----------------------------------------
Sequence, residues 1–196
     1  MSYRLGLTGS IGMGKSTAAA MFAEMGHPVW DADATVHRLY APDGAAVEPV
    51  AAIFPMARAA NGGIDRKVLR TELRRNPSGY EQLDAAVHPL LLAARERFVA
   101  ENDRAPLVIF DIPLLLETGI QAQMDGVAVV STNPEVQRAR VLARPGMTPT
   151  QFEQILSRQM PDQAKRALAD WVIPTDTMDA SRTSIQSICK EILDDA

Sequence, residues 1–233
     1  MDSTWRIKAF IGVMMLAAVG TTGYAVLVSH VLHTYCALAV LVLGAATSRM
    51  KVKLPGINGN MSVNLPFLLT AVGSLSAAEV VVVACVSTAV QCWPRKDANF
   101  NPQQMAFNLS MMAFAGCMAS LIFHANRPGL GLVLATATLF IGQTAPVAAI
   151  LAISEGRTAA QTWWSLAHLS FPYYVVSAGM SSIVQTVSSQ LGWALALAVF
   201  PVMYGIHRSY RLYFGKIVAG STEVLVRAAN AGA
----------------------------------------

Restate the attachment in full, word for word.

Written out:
Sequence, residues 1–196
     1  MSYRLGLTGS IGMGKSTAAA MFAEMGHPVW DADATVHRLY APDGAAVEPV
    51  AAIFPMARAA NGGIDRKVLR TELRRNPSGY EQLDAAVHPL LLAARERFVA
   101  ENDRAPLVIF DIPLLLETGI QAQMDGVAVV STNPEVQRAR VLARPGMTPT
   151  QFEQILSRQM PDQAKRALAD WVIPTDTMDA SRTSIQSICK EILDDA

Sequence, residues 1–233
     1  MDSTWRIKAF IGVMMLAAVG TTGYAVLVSH VLHTYCALAV LVLGAATSRM
    51  KVKLPGINGN MSVNLPFLLT AVGSLSAAEV VVVACVSTAV QCWPRKDANF
   101  NPQQMAFNLS MMAFAGCMAS LIFHANRPGL GLVLATATLF IGQTAPVAAI
   151  LAISEGRTAA QTWWSLAHLS FPYYVVSAGM SSIVQTVSSQ LGWALALAVF
   201  PVMYGIHRSY RLYFGKIVAG STEVLVRAAN AGA